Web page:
logo

Easy guide to domain + web hosting for start ups

Purchasing domain names and web hosting can be a tricky.

But it doesn’t have to be hard…

It’s the first step in getting up and online and looking professional as a start up – but how do you choose who to go with?
Think of it like buying a car, right now as a start up you mightn’t be able to afford much but you want to make sure it’s not a lemon.
Here is your quick guide to finding the best option for you – and avoiding the dodgy salesmen!

 

1. Do your research

If you were anything like me when starting out, you’ve already spent a lot of time trawling the internet and forums, you’ve got a million tabs open on your computer and feel none the wiser. But that’s good. You need to learn who is out there to compare what they provide. Google away!

Once you have narrowed it down to a few contenders, apply the review search: Google the provider + add words like ‘web hosting’ or ‘domain name’+ ‘reviews’ or ‘forums’ to the end up with real people’s opinions and experiences, not the testimonials they have written up on their website. i.e. Search “(provider name) web hosting reviews” or “(provider name) forum reviews”.

 

2. Find the right fit for your business

First things first – what do you need? Which Content Management System (CMS) are you going to be using to set up your website? Are you going through a web developer/designer – do they have a preference? Can you get a discounted rate if you go through someone they are affiliated with? Are you going to be setting it up yourself – if so, will you need support via online or the phone?

Figure out your situation so you are clear on what you need to know. Then, ask yourself whether your going to have a simple site, mostly text with a few images telling people how to find you – or a more complex site; with a client portal, lots of video content, e-commerce/online store etc? This will determine how big your hosting plan will need to be – check how much disk space you will get and how much bandwidth they supply.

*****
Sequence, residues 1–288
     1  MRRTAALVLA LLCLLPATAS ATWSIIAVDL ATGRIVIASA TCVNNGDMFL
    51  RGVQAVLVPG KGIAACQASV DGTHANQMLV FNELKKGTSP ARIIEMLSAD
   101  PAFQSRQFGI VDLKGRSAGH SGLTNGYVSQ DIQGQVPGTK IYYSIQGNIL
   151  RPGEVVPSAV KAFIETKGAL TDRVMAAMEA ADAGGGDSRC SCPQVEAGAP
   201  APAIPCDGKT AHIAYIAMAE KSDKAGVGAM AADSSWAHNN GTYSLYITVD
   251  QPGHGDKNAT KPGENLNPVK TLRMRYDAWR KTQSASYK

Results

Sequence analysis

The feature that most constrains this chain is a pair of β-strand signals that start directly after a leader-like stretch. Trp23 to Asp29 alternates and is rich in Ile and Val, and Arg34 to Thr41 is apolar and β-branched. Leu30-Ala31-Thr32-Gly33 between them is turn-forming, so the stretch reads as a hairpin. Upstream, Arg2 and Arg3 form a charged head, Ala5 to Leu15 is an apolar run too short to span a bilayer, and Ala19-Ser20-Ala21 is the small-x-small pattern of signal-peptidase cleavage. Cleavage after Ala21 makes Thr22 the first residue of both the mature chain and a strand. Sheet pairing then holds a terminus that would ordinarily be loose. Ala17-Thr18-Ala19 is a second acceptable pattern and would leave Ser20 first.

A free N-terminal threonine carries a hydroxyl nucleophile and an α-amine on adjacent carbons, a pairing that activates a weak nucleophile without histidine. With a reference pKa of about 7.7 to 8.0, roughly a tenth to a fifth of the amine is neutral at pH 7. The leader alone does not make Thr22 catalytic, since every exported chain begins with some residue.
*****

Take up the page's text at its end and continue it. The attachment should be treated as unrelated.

Another thing to consider is how much traffic (people visiting your site) you expect to get on a daily basis – if it’s a lot you’ll need to find someone who is capable of supporting the load. If you have strong values about the way you purchase goods, such as buying Australian made or Fair Trade, being environmentally friendly etc these can influence your choice of provider. It can also narrow down the field – a lot.

I personally choose to support Australian businesses where I can, I know I can get things for not a lot going through companies based in Asia for example, but I like to know that the money I spend contributes to the society I live in and feel more sure that the people doing the work are getting paid fairly through our fair minimum wage standards and work conditions. It’s all a personal preference however, but there are options out there for you.

3. Price isn’t everything

$1 a domain name – what a bargain, right? Well often you get what you pay for and if you choose wrong, it can get messy cleaning up the aftermath or expensive having someone else do it. Understanding the limitations and capabilities that a provider has can help you determine what is really ‘a good deal’. Some CMS’s like WordPress etc offer web hosting for free but this comes with your site having limited capabilities or you may an inflated price for the ease of purchasing a domain through them. You may pay only $5 a month for hosting but your site slows down during peak internet times for your customers or crashes if more than 4 people look at it simultaneously.

Key questions to answer:

  • How much are their renewals?
  • Do they give a discount when you purchase longer periods of time upfront?
  • Any discount for multiple domains?
  • Does the cheap deal expire and get more expensive when you renew?
  • Can you scale your plan up or down depending on your changing business needs – if so, how often can you do this?
  • What is included?
  • What other products could they offer you as you grow?
  • How much can you afford?

Remember, these will be ongoing costs for the lifetime of your business and its website.